BROWS + HAIR
I thread my brows. In Houston, there’s this place called Aisha’s that I’ve been going to since I was fifteen years old. But when I was in New York, I’d go into any place that said ‘threading’ and had a South Asian founder. Threading is such a part of South Asian culture that I knew it would be fine. Go to the OGs for that.
The reality is I’m not a big hair person. Every time I’m in New York, I see my girl Valerie Venessa. Once, right before I did “Good Morning America,” she chopped my bangs off for me and I was obsessed. Now she does my hair for events—hair is so personal, so I just stick to her. If I do style my hair myself, like I did today, I start with the Air Dry Foam from Ouai. Then I either go in with my Harry Josh straightener or Dry Bar curling wand. And I still travel with a torn-up Wet Brush. [Laughs]
I grew up always having frizzy hair and not knowing what to do with it. Now I use the Fekkai Brilliant Gloss shampoo and, because it doesn’t have sulfates, my hair actually dries pretty not-frizzy. I have a lot of random products in my shower… Oribe, JVN’s conditioner, the Fable and Mane Hair Mask. Actually, a product I really love that I really think people should know about is Fable and Mane’s hair oil. I grew up with my mom using raw coconut oil in my hair to nourish my scalp, and [Fable and Mane] came out with this really beautiful oil that you massage into your scalp just like that. I also sometimes use it on my body, even though I know you’re not supposed to. I just love oils.
BODY + NAILS
The Nécessaire Eucalyptus shower gel I love because it has such pretty packaging. There’s also this República exfoliating sugar scrub that I’ve been using that a couple times a week to exfoliate my body in the shower. I have KP, and I’m excited to work on a product to fix that. And when I get out I love to use Summer Fridays Summer Skin lotion. It is so nourishing, and truly feels like a sensorial experience. My friend is developing her own deodorant so I’m testing one for her right now. It’s aluminum free, and… I’m trying to do it, but it’s an adjustment. Every time I go to her house, I’m like, ‘Tell me if I smell! I need to know.’ I usually just use the Dove spray. And I love the Supergoop sunscreen spray for my body.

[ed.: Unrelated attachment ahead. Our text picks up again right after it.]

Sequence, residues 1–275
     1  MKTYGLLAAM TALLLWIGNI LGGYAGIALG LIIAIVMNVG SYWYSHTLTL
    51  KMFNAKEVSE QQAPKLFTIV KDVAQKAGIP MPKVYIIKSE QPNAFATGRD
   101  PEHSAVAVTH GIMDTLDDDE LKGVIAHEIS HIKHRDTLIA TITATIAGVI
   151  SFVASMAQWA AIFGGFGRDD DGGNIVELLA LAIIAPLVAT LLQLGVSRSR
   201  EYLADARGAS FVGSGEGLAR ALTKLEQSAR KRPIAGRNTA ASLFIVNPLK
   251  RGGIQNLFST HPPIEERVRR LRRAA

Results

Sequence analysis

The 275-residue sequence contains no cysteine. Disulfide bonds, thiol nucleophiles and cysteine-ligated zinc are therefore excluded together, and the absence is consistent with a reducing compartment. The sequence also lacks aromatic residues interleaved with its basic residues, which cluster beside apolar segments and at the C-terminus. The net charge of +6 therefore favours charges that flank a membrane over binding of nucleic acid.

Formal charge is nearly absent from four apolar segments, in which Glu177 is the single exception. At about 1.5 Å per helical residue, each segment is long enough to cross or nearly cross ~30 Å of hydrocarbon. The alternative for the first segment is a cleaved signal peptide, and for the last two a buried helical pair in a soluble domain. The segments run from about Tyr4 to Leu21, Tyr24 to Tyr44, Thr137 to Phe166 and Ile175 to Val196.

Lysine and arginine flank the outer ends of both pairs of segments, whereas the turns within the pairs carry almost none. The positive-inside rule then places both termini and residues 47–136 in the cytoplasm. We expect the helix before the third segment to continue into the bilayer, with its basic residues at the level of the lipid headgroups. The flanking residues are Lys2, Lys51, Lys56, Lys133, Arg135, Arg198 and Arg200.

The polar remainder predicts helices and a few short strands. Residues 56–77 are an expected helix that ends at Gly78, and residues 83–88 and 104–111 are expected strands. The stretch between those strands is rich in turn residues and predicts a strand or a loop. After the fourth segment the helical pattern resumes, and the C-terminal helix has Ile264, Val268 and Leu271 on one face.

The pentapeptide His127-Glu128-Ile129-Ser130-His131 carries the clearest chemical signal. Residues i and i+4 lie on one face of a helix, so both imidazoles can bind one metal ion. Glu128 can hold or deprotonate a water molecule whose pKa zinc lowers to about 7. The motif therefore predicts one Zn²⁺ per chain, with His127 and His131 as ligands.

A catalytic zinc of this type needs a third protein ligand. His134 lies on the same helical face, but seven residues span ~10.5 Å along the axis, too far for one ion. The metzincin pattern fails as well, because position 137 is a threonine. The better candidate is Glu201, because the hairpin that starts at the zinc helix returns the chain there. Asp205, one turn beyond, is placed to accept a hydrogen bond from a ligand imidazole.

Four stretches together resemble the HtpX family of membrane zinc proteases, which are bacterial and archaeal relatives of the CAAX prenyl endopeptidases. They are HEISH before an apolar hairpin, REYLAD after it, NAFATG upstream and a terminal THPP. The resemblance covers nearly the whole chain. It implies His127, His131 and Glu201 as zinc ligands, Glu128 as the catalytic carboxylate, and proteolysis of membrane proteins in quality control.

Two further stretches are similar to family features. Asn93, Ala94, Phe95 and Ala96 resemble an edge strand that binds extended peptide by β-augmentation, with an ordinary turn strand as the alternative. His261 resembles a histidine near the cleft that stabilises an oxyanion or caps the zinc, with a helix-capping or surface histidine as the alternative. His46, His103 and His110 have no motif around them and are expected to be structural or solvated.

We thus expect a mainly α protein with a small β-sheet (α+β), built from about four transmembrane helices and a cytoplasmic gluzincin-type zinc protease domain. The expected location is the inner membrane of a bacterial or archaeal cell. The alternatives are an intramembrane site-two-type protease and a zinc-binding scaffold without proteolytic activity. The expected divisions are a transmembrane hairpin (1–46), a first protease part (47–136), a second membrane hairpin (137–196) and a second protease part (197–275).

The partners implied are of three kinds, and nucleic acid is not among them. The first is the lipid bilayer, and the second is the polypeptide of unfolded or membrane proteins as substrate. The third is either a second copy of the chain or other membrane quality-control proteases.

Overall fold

I’ll tell you, Texas knows how to do fake nails. Way better than New York or LA.
My favorite hand cream is our Unity Balm. I use it on my cuticles and stuff to keep them nice and moisturized. But honestly, I’m a nail biter. The only way I don’t bite is if I get fake tips. I go to a place right across from me in Houston, called Dream Nails, and I’ll tell you, Texas knows how to do fake nails. Way better than New York or LA. I always get either copper or marigold, which are Live Tinted’s colors. Copper is the in-between metal, between gold and silver, and so many cultures have elements of copper in them. Copper itself has real benefits for skin. And marigold, first of all, is just such a beautiful, celebratory, bright, vibrant color. But I also learned through our community that cultures around the world use marigolds ceremoniously. We had all this marigold stuff for Diwali, and the next day, I saw Jessica Alba went to an event celebrating the Day of the Dead—the whole decor was marigolds! I want us to be a brand that stands for connectivity, because I think that it’s the little details that create an emotional connection.
FRAGRANCE + CANDLES
I’m very impressed by the Fenty fragrance. It’s my more nighttime, sexy vibe. My everyday scent is Jo Malone’s Nashi Blossom Cologne. I’ve been told multiple times that I smell good when I wear it. That’s the best compliment ever. It smells fresh and has a note of sophistication without being overbearing. I also like their Orange Peel Cologne. Aerin, the Mediterranean Honeysuckle one, is my vacation vibe. It’s very Hamptons or Palm Springs.
My vices are red wine and candles. Throughout the workday, I just keep them lit. I bought a bunch from Soho House recently, because every time I went into Soho House, I was obsessed with the way their bathrooms smell. It’s their own candle, Leather & Oud. I ended up with $500 in credit because I couldn’t use my membership during the pandemic, so I just stocked up. [Laughs] I also love this Lemon Loaf one from Nabela’s brand, Saara & Begum. It’s so beautiful—more sweet. I also like incense. I love lighting it. You have to get the Satya Sai Baba Nag Champa Agarbatti from authentic Indian stores, though. It reminds me of home.”
—as told to ITG
Deepica Mutyala photographed by Troy Montes in Houston, Texas on November 12, 2021